Buena Park leaders approve removal of well-known Movieland Wax Museum sign
BUENA PARK – A longtime fixture of this city’s entertainment corridor will soon disappear, with Buena Park leaders agreeing to the removal of the iconic Movieland Wax Museum sign.
The City Council on Tuesday night unanimously approved plans for an 84-foot-tall monument sign for the new Butterfly Palladium, and the removal of the Movieland sign.
According to staff reports, the new sign – expected to feature electronic display screens and computerized lights – will be north of where the 90-foot-tall Movieland Wax Museum sign sits.
The electronic sign will only be allowed to show content directly related to the Butterfly Palladium, not “off-site advertising,” Buena Park Senior Planner Brady Woods told the council.
The 8.7-acre Beach Boulevard property, formerly occupied by Movieland, was sold to the Butterfly Palladium in March 2015. Construction of the butterfly conservatory began in May 2016.
The well-known Movieland sign was initially expected to remain.
But, according to staff reports, the sign’s “size, age and diminished structural integrity” forced the Butterfly Palladium to reconsider.
On Tuesday night, Milton Solomon, vice-president of AD/S Architectural Design and Signs, which will construct and install the new sign, told council members that Movieland’s was built so long ago that city records of it couldn’t be unearthed.
“Not only that, but a lot of the sign is rusted,” Solomon said. “If you look up close, it is beyond belief.”
Solomon suggested that his crews could try to retain the main portion of the sign as it is taken down, and possibly turn it into a sculpture or some other work of art. He noted that the new sign would be about the same size as the wax museum sign.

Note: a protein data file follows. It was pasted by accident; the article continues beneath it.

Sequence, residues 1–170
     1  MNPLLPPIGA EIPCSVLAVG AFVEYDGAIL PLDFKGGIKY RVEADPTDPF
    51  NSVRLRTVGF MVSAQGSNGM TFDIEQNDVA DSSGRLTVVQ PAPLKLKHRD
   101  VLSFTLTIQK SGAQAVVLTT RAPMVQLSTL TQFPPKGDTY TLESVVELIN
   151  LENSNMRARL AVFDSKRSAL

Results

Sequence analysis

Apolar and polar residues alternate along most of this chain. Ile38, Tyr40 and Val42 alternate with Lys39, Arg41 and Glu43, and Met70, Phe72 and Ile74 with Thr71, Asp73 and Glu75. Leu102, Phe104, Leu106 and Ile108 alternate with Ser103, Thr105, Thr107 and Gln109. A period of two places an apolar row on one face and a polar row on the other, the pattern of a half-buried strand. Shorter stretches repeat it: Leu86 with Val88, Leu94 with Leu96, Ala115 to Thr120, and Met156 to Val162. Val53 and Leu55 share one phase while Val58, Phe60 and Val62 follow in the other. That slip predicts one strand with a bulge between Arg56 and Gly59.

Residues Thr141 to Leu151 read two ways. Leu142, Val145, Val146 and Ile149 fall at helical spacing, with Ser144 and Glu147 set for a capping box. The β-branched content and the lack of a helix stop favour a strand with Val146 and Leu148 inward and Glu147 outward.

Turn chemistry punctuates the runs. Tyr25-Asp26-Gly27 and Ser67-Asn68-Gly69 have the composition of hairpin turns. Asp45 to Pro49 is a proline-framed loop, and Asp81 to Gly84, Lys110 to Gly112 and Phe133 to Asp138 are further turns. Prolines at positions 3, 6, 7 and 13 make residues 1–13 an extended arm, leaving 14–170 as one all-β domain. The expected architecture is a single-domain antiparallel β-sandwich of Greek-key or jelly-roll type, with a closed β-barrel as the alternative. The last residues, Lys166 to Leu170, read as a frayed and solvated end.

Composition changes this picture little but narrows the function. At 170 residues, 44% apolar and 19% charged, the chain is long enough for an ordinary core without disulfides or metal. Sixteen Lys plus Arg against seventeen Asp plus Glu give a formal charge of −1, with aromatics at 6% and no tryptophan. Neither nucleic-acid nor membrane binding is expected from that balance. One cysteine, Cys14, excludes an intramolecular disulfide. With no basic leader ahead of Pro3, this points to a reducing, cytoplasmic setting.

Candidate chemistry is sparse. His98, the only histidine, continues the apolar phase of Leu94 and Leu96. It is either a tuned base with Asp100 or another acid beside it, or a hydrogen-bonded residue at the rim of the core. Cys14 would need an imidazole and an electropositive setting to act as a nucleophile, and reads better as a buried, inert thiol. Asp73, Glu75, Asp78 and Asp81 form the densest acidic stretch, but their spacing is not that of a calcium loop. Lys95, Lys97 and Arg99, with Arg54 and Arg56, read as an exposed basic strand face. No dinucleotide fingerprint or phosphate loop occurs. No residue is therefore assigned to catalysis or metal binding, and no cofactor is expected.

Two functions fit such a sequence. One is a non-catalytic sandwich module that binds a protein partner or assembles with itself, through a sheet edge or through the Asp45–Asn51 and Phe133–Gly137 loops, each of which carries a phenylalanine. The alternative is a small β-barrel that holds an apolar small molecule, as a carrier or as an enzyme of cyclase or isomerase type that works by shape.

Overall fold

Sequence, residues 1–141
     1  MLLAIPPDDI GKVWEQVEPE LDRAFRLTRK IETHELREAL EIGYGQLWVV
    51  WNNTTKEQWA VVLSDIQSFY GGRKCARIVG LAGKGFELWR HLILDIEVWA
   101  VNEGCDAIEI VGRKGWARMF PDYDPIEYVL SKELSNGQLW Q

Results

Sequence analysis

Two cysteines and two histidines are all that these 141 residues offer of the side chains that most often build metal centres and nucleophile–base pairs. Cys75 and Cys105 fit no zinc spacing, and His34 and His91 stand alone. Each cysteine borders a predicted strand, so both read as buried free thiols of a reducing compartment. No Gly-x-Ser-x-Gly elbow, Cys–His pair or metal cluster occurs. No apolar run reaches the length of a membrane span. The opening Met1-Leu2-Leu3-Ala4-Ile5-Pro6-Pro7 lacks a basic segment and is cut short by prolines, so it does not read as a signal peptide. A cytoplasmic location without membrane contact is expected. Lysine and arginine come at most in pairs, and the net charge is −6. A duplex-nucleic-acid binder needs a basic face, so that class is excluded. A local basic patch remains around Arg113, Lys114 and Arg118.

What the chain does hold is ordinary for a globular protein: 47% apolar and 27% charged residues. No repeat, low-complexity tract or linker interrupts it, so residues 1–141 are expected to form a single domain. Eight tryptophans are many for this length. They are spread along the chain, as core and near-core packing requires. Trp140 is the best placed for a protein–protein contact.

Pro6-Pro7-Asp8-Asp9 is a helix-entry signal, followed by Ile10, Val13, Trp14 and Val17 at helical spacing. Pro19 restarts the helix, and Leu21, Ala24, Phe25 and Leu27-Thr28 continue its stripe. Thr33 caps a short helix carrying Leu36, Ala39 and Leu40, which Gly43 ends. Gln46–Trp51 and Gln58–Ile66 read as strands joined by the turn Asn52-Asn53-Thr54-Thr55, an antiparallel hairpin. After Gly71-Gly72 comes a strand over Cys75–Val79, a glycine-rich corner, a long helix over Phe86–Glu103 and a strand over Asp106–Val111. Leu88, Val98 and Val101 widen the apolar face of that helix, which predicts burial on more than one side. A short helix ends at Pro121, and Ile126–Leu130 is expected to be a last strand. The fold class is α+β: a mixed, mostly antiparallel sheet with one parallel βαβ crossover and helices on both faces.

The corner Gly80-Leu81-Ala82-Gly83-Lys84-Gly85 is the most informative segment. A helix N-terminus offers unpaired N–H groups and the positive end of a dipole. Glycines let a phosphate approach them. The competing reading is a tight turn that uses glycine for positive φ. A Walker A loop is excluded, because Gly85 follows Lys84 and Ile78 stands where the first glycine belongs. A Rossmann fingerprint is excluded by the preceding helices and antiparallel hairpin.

“We have no option but to try … to preserve at least the intent of what was there before,” Solomon told the council. “Instead of having the stars that were above it, we have two butterflies.”
The Museum of Neon Art in Glendale has also offered to preserve part of the Movieland sign.
In a letter sent to the Butterfly Palladium, the museum offered to accept a set of bulb-and-neon diamond designs from the Movieland sign, which the museum noted were based on the pole sign for the Stardust casino in Las Vegas.
No timeline was given for the removal of the Movieland sign.
For more than 40 years, Movieland was a fixture in Buena Park’s entertainment corridor, drawing about 10 million visitors between it’s opening in 1962 and 2005, when declining attendance prompted its closure.
In recent years, the former museum site has hosted the popular Titanic: The Artifact Exhibition, and BODIES… The Exhibition.
The new Butterfly Palladium is predicted to draw some 600,000 visitors a year to the city’s revamped entertainment corridor.